Historically, Chicago has been and always will be a city of change both industrially and agriculturally to the metropolis we know and revere today with skyscrapers and culture abound. In order for the city to become the industrial hub, changes were made to the natural landscapes to accommodate business and residency. Steel became the staple good, and green spaces were demolished during the expansion of industry in the Calumet region by the masses in the creation of steel for railroad tracks and structural steel for commercial buildings. For geographical ambiance, The Calumet region of Chicago is consisted of the following neighborhoods: Burnside, Calumet Heights, East Side, Hegewisch, and Pullman, South Chicago, and South Deering. In this essay, I focus primarily on Pullman. It was unknown, or unsought of rather, how these implications would lead to issues of both economic and environmental injustice.
“Since 1980, the region’s economy has changed markedly, as large-scale facilities have closed, all too frequently leaving joblessness and contaminated “brownfields” in their wake. How to build a productive job-providing regional economy is a major Calumet issue. While major investments in traditional Calumet industries such as oil, steel, and automobiles continue, the region is also home to intriguing “creative placemaking” efforts, replete with vibrant main streets, arts and entertainment districts, and tourism-related developments that capitalize on the unparalleled crossroads character of the region and its cultural and natural assets.”
In this essay, I hope to argue that notwithstanding the fact that the Calumet region of Chicago has been at a substantially low point of economic growth and ecological restoration for many decades, there are positive possibilities that the region will restored in such a manner that environmentally sustainable to the natural ecosystem and redevelopment of industry from a steel-driven one. An idea of nature that is often presented as legitimacy of rational order in how people interact with environment and how the environment shapes human behavior, and it is complex with constructions of urbanization. Nature is also used as reinforcement of those ideologies.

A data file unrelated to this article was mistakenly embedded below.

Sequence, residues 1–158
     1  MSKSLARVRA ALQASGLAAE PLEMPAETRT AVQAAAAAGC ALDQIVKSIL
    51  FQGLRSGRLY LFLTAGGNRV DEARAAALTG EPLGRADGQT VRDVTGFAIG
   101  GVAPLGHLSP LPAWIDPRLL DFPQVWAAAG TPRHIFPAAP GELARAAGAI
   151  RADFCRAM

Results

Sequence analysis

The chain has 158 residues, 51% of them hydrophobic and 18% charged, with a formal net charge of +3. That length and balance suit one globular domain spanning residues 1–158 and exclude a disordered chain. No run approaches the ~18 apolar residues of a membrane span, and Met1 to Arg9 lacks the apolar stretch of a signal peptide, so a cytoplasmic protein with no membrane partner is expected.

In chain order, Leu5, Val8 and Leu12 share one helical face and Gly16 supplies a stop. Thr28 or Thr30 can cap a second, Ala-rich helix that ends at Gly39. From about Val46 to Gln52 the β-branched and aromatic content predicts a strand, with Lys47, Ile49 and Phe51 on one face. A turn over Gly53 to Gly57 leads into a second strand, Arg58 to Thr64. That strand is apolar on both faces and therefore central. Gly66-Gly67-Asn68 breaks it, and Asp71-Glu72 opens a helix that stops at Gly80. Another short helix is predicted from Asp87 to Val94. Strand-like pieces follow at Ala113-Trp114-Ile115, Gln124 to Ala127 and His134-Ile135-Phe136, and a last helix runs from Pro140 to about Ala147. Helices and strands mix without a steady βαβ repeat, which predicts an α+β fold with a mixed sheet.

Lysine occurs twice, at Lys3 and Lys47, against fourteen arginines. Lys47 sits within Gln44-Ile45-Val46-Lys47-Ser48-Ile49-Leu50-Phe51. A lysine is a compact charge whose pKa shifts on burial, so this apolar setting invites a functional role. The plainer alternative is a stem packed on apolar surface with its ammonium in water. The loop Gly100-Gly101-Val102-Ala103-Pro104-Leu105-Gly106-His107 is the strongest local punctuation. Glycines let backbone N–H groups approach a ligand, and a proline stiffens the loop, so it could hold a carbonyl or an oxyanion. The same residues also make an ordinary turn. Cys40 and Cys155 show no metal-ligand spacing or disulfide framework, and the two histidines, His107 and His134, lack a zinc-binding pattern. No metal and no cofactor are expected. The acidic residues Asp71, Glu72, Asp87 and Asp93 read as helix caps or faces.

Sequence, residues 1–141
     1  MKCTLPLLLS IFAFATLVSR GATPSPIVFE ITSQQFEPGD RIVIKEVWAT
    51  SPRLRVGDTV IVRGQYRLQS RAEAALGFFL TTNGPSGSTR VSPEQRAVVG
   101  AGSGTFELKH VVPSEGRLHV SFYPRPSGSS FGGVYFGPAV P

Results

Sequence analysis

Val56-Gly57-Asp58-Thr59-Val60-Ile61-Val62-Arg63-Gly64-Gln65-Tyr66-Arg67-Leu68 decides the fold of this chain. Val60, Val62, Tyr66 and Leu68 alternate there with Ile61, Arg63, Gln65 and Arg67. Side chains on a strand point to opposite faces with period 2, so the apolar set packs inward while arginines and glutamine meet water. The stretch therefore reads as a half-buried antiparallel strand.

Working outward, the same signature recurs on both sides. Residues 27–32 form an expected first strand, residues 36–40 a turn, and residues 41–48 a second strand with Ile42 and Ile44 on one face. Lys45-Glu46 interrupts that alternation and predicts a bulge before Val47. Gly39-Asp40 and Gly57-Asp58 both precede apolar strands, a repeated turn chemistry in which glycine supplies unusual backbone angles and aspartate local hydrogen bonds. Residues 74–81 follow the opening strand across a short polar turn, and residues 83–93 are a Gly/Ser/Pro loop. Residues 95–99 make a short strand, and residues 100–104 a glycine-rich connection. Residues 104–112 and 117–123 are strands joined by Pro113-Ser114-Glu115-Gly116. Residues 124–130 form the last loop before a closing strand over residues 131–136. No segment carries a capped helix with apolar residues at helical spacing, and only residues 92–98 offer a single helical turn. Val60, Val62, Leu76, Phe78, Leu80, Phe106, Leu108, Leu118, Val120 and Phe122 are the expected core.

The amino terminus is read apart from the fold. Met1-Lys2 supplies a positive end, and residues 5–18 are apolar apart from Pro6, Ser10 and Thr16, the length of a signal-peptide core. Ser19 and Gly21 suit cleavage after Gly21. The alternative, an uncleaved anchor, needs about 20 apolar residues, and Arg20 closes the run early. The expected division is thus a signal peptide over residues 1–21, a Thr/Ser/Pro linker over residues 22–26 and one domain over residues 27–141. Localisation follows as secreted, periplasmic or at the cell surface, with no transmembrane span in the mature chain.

“Chicago and the nation entered the Progressive era. …The 1901 steel strike ended in defeat for the union, and the once powerful Amalgamated slipped into irrelevancy. Chicago’s steel mills remained unorganized, yet U.S steel tried to sidestep Chicago radicalism by developing a whole new town just across the border in Indiana. Gary, Indiana became the center of the region’s steel industry. Not overtly planned in the tradition of Pullman but nonetheless a company town…”
The Calumet region’s beginning did not start agriculturally as the rest of the city; long before the industrial revolution it was beautiful, predominantly unsoiled from pollutants and economic decay. The Native Americans that lived in the region, by definition, lived symbiotically...